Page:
In 2013, a group of HIT companies started an intiative called the Commonwell Health Alliance. The primary participants were a compendium of well known HIT companies, namely, Cerner, McKesson, Allscripts, Athenahealth, Greenway Medical Technologies® and RelayHealth. The goal – to enable data liquidity through the use of open standard adoption by the member companies.
As you read this list of vendor companies you’ll be wondering where Epic is. An excellent question. According to Chillmark Research, Epic was not invited to join Commonwell in the early stages and after some fairly direct remarks from Judy Falkner they went on to form a competing initiative called CareQuality.
Well, this is all old history.
Except for the fact that it isn’t. Just recently at on ONC meeting, the president of Epic, Carl Dvorak, suggested the need for a nationwide record locator service, preferably run by the Centers for Medicare and Medicaid Services. The usual rivalry ensued.
For Epic to come out and call for interoperability is a sign of the times. I’m starting to feel that the “I” word is now in disrepute. It’s kind of like “the internet of things” – everyone’s saying it and nobody really knows what it means.
I’ve commented previously on Epic’s interoperability approach using CareEverywhere where it’s really not easy to send out of the “epic” network. Typical Epic. Does anybody remember Epic’s approach to community physicians? Let’s give them all free Epic licenses.
Ok. Enough Epic bashing. Does the Commonwell technical approach make sense?
Let’s think about the technology Commonwell intends to use. It’s the “Integrating the Healthcare Enteprise” standard all the way baby, with cross community (XCA) gateways, HL7 PIX/PDQ feeds, and all the missing pieces being filled in. Hang on, did I just say the they are using a enterprise (i.e. Hospital) standard for a national implementation?
Now, don’t get me wrong, I sat next to the author of the XCA standard, Chris Lindop, for about two years when I was at Kodak Health Imaging. He’s a very bright guy and he really knows his stuff. But, he was authoring these specs for the Enterprise, not for a national system. That’s why the security model is a bit lacking, and the patient identity scheme language is awfully vague.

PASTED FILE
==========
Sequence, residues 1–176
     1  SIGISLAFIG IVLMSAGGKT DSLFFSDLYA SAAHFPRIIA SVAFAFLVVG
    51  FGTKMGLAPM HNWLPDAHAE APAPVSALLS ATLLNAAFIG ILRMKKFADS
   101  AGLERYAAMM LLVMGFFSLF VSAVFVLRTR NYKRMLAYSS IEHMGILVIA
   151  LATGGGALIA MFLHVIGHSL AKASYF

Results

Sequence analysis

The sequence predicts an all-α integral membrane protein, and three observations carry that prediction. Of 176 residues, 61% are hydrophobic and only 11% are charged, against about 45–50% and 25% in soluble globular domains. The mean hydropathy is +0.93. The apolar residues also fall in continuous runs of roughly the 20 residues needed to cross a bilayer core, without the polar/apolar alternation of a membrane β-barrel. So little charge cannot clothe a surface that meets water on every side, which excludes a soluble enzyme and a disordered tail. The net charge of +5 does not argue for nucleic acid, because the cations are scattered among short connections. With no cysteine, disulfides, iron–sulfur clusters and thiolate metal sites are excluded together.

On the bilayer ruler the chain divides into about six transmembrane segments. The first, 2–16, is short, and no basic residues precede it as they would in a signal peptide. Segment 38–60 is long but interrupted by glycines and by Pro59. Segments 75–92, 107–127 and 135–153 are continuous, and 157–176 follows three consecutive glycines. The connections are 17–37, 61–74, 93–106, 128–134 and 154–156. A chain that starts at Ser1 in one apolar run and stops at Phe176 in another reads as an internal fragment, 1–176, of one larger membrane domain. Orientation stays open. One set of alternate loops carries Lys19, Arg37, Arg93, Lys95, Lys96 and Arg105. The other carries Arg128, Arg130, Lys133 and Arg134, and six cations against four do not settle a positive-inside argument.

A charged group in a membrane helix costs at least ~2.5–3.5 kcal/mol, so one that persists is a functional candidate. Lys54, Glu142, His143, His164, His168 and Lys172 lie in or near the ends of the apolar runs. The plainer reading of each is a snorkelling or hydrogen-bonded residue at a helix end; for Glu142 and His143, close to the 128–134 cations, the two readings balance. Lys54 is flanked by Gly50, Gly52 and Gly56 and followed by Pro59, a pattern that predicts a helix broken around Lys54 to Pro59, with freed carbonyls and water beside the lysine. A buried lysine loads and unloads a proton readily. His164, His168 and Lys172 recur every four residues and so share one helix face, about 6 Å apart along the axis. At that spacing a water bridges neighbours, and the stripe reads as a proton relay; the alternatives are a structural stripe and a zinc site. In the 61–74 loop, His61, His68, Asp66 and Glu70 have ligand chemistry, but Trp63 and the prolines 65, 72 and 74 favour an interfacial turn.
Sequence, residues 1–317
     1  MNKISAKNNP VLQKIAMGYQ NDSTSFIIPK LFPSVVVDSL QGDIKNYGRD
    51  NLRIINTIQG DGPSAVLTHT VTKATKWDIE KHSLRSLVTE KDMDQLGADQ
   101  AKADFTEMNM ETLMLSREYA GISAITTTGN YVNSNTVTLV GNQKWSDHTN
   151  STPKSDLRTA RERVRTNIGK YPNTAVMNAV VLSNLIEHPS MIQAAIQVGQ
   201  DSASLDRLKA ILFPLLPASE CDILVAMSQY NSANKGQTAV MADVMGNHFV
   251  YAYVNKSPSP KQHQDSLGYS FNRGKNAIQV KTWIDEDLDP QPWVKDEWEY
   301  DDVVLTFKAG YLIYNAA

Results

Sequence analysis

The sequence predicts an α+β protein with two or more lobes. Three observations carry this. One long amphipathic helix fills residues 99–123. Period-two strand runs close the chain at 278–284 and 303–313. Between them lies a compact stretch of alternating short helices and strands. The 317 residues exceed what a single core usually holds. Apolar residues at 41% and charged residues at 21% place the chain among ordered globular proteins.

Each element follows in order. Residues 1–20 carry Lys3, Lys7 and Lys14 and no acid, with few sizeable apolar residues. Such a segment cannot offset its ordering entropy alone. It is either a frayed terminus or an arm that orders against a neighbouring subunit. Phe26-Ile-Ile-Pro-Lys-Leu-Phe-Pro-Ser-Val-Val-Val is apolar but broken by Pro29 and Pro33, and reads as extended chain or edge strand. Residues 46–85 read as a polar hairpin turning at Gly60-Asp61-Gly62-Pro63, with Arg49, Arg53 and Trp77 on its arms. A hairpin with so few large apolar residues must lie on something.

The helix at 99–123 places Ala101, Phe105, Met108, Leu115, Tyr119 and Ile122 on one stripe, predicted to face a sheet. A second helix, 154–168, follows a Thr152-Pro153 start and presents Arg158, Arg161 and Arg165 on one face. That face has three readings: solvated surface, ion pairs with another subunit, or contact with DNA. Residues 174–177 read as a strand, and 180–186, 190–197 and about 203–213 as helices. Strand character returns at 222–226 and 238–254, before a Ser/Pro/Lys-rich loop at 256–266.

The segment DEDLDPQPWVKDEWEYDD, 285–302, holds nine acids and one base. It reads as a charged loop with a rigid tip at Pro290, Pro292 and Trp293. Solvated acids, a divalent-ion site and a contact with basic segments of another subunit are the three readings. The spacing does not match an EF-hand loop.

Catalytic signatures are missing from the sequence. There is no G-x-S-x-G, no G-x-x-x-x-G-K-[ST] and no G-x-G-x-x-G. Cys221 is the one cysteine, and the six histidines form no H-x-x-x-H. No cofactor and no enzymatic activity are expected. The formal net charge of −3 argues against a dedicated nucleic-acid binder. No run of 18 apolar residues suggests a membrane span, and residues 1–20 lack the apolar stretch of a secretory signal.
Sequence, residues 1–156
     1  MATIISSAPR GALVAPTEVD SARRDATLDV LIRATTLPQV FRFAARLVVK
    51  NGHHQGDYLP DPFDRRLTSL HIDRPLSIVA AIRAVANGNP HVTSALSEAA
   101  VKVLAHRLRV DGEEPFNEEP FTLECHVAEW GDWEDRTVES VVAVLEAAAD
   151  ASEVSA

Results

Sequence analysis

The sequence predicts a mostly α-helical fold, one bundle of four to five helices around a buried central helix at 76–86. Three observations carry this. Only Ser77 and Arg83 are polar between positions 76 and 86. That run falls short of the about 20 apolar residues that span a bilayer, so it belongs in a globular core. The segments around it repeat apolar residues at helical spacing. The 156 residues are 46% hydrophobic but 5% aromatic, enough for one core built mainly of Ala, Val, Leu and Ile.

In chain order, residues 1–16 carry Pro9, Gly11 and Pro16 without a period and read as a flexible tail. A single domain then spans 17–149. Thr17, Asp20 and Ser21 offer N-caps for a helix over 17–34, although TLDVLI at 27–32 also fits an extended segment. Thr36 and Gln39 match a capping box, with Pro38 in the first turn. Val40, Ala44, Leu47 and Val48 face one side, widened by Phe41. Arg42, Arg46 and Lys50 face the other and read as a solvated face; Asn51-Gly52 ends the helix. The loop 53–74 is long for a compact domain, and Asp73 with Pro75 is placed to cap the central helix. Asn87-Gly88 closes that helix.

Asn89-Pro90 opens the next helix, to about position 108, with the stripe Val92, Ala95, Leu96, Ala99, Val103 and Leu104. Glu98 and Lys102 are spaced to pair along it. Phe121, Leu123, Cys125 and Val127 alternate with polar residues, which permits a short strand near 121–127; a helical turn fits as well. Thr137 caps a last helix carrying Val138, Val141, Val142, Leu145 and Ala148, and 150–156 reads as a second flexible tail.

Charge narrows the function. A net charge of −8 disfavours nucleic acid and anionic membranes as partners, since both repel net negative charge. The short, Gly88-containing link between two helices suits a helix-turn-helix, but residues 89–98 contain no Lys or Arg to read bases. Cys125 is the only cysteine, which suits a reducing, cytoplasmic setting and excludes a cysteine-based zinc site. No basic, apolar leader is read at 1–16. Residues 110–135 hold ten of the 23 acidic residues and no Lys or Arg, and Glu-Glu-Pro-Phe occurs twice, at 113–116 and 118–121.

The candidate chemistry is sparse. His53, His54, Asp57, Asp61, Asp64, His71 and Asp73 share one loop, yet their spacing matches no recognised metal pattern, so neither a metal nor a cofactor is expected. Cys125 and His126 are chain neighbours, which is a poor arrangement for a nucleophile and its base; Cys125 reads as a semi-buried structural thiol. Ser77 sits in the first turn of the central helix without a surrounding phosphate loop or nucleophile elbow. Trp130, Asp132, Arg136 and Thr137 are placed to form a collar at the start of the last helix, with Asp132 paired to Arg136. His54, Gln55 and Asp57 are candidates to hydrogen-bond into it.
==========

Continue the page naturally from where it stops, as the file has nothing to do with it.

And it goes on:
The idea of running a national network of XCA gateways and PIX/PDQ feeds seems unwieldy. My reasoning here is that it’s all about granularity. Fine gained system have a gateway at each hospital, whereas coarse grained systems basically work with vendor gateways. Fine is better if you care more about local control over data. Coarser systems lose some of that control.
Commonwell is now also talking FHIR as an alternate protocol. Having read the ebxml standard used in the IHE profiles I’m clapping loudly here. FHIR is simpler and gets the job done just as well in this case. Pulling data from systems is FHIR’s forte today.
Ok, that’s enough standards geeking out. The real question is “is it possible that either CareQuality or Commonwell will actually achieve their mission?”.
Now, there’s a tough question. I think the answer is yes, but only partially. Having dealt with HIE’s for a while, the major problems often come down to getting sites to participate, dealing with state level regulation, and keeping data secure.
You’d think participation would be easy. It’s not. eHealth Technologies has about 100 major imaging sites under management and we’ve worked hard to connect every one of them. You often have to go through security and legal review and it’s tough to get things going, even with the assistance of the HIE. Why would it be easier when your vendor turns up? The site has nothing to gain, and a lot of money to lose. They need to get paid for minor issues such as infrastructure and network bandwidth. Who’s cutting the cheque here?
Turning to regulation, every state has additional provisions over and above the federal law. You need to comply with them. I wonder how much thought has been given to this problem? Consent can get tricky.
Then, there’s security. This registry is going to contain PHI and it’s going to have a big red target painted on it. Who’s taking responsibility for the liability? RelayHealth? Hopefully they’ll do better than Anthem.
My final point is that even if either of the initiatives works it may not do much to fix healthcare. Having more records in the EMR is not the goal. Yes, collecting data is a necessary step. Sending that data directly to the EMR is a necessary evil today. Aggregating the data, removing the tremendous amounts of redundancy in the record, and extracting useful clinical information in summaries is the end game.